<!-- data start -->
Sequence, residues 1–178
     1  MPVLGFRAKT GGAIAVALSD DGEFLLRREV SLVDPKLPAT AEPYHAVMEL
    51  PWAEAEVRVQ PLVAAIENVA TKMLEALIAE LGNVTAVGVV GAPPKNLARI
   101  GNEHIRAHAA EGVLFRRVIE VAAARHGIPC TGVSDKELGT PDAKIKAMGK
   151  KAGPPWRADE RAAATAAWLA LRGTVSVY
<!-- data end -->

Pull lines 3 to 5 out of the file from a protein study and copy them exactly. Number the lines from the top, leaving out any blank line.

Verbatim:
    51  PWAEAEVRVQ PLVAAIENVA TKMLEALIAE LGNVTAVGVV GAPPKNLARI
   101  GNEHIRAHAA EGVLFRRVIE VAAARHGIPC TGVSDKELGT PDAKIKAMGK
   151  KAGPPWRADE RAAATAAWLA LRGTVSVY